Why would you want to fight two people at once? That’s just being cocky. Although, the teamwork between the two brothers is nice, and taking care to fight them one on one, as well as using them to block the other is a smart move on ‘Mad Dog’s’ part. However, the dude who was tied up earlier is moving remarkably well after being used as a human punching bag. Not to mention, it would hurt to make fists, so he really could be using open hand attacks to reduce further injury. Once again, kicks to the ribs and head shoulders should take someone down for the count, in all three cases. To be fair, the brothers are shown needing time to recover, and the eventual portrayal of exhaustion is nicely done through the changes in fighting style. There really should be a tad bit more blood, but I’ll let it pass. Above all, excellent use of environment, but how anyone can survive a piece of glass in the neck, and still live, let alone fight is a question for the times.

0

06. Drunken Master 2 (Jackie Chan v. Ken Lo)

 

Sigh Jackie Chan, why? Everything was accurate; stances, blocks, attacks, it was going so well! You physically can’t punch someone while bending over backwards because gravity is a heartless bitch!

The dude who loves to stick his leggy out real far, gotta stretch yourself so you don’t hurt yourself mirite? Good use of teamwork too; they’ll need it when they inevitably get their asses kicked in true Jackie Chan slapstick fashion.

Why are all the inaccuracies happening? Getting struck with a burning metal rod that sets things on fire and still remain standing...yeah. To be fair, he does get hurt after getting tossed onto a bed of burning coals (clothes kept on because pg-rating)!

Story time: drunken fist is actually real, so no deductions for Jackie Chan becoming a boss after getting shit-faced. In fact, kudos for using alcohol to set a guy alight. However, that same point immediately gets lost because of the quad twist that happens when Jackie gets tossed - not thrown - on the ground. Sigh, and after that nice combination attack too.

Just how many quad twists are they attempting? Jackie Chan, please go into pairs figure skating. Most of the fight itself was theoretically possible, so in the sake of fairness, I’ll give it a blanket positive on stances, attacks, and blocks...apart from the part where Jackie dribbles the guy around his arms and chest; while funny, it’s not possible.

+5

05. Ong Bak 2 (Final Fight)
 

I have no words. It’s...I can’t.

 

04. Fist of Legend (Final Fight)

You shouldn’t enter a fight with a flying attack because you have little control in the air. Props however, go to Ting-En for switching up tactics. That many kicks in the head should have at least left a mark though. On the other hand, Ting-En atleast showed signs of injury, so it evens out for now.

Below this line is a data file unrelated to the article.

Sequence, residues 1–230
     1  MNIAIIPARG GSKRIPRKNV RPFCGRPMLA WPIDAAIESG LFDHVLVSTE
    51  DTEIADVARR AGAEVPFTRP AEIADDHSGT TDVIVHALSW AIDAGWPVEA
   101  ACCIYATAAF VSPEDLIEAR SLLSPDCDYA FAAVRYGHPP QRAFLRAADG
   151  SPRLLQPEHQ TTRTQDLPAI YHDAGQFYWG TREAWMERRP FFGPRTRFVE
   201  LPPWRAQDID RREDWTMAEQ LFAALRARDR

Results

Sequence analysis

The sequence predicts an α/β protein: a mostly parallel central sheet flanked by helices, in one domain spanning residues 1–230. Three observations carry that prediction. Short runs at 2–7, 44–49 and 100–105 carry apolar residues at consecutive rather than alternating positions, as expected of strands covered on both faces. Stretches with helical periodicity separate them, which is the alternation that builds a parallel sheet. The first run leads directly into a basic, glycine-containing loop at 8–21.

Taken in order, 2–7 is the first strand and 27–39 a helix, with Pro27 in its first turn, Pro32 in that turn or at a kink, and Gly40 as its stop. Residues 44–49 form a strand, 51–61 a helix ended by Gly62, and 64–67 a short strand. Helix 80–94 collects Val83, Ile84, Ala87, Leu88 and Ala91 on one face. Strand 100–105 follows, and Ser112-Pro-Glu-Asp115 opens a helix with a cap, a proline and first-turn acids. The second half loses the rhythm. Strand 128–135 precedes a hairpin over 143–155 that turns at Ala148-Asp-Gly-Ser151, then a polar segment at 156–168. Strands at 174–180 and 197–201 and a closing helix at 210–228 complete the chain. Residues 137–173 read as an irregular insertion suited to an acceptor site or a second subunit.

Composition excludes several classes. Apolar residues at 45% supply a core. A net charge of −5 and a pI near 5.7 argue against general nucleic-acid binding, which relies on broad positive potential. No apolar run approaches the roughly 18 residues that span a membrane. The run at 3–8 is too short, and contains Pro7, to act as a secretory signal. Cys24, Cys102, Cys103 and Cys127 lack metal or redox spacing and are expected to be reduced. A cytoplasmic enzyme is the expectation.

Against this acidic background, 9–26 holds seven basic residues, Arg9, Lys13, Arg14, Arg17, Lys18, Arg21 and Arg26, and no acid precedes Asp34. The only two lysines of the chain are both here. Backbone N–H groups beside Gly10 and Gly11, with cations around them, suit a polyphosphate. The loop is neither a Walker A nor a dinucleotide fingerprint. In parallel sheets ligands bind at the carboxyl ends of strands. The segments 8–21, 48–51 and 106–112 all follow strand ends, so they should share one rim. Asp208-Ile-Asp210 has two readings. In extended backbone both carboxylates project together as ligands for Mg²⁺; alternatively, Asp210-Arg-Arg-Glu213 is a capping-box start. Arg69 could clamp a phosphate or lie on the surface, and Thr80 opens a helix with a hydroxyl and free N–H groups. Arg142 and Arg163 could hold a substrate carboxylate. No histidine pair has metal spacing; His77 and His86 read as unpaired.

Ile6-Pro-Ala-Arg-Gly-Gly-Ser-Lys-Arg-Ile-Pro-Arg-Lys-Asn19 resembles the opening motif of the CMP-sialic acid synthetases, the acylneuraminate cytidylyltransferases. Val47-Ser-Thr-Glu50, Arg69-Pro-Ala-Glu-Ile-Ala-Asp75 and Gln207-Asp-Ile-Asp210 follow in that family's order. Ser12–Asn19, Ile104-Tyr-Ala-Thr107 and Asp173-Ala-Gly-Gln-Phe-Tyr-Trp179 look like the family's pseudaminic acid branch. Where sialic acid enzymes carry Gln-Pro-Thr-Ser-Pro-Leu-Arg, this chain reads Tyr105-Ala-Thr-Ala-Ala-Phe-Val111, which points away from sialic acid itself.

Nice stances and guards, and continuous attacks but ftlog don’t stop a moving object with a kick, even though use of props and follow up attack was good! Also, #thankswirework. Blocking is what you would expect, but in reality they could be moving around more to avoid the kick altogether.

How is the Japanese guy still not bleeding or even bruised?  At least we’re doing the evasion route, so props for being flexible!

HE FINALLY BLEEDS!

Jet Li can be affected by injuries but throat jabs don’t work? Puh-lease. Nice attack planning though! PROPS AGAIN FOR BEING FLEXIBLE IN TACTICS!!!! Popping a joint back in hurts; as shown, and he really should not be using it again that fast! Ideally, once your opponent is on the ground, you don’t let them back up, but they needed to extend the fight for pay-off purposes.

FINALLY THEY BOTH SHOW EFFECTS OF THE FIGHT!!!

AND THIS IS WHY YOU NEVER TURN YOUR BACK ON AN OPPONENT! A belt is actually useful for long-range attacks, even though I doubt Jet Li would be able to show off, given that he was gasping for breath a moment ago.  

+4

03. The Raid 2 (Final Fight)

 

Very good stances and starting positions. In reality, assassin would not have held back. Annnnd now we’re talking with the non-stop sparring with accurate moves! They are however, remarkably unaffected by injuries it seems. Seriously, getting tapped in the sternum hurts! Also, who gets kicked several times in the head, hit in the neck and ribs, and is still able to shake it off? This isn’t Mortal Combat! However, it is a good use of the environment and what’s available, so there’s that too. Plus the buildup of blood appears accurate….I’m pretty certain someone who just got their leg sliced by a pair of karambits won’t be able to put their weight on said leg, let alone move. To be fair, he is shown to be affected by it afterwards, so I’ll chalk it up to adrenaline. Fatigue and exhaustion is nicely shown, so easy points right there.

How are they both still conscious after having their heads kicked and smashed into so many hard surfaces, and that much blood loss? Adrenaline doesn’t last forever. To be fair, the blood at the finale is extremely accurate, but come on, neither of them should be standing after this.

-1

02. Wheels on Meals (Jackie Chan v. Benny Urquidez)

First off, there was a distinct lack of acrobatics here, which is always a plus in my book. A complete turnabout from no. 5; with a looooooooooot of accuracy! So, once more a blanket positive on stances, blocks, attacks which utilised almost every part of the body, and use of available furniture, because it was just that good. Also, realistic stripping. However, a point will be deducted for the stretching, because cramps are a thing that exist.  

+5

01. Flash Point (Donnie Yen v. Collin Chou)

 

Fighting technique? Good shit, mhmmm, that’s some good shit right there! 100/10, good shit. Apart from the triple kick that is. That is theoretically impossible to do because of a little thing called physics. Once you’ve kicked your opponent twice while in the air, chances are that they would have moved too far away for you to get a third kick in. Also, no offence Donnie Yen, but getting the back of your head smacked against a metal rail = death. So, please don’t try again. Apart from these two instances, everything else was pretty much as accurate as you can get; stances, evasion tactics, and literal down to earth fighting skills, and good use of multiple styles of martial arts. Just don’t try this at home.   

+3

*Please don’t actually engage in battle with me. I am dying from coursework and will show no mercy

P.S. thanks Dad, for suffering with me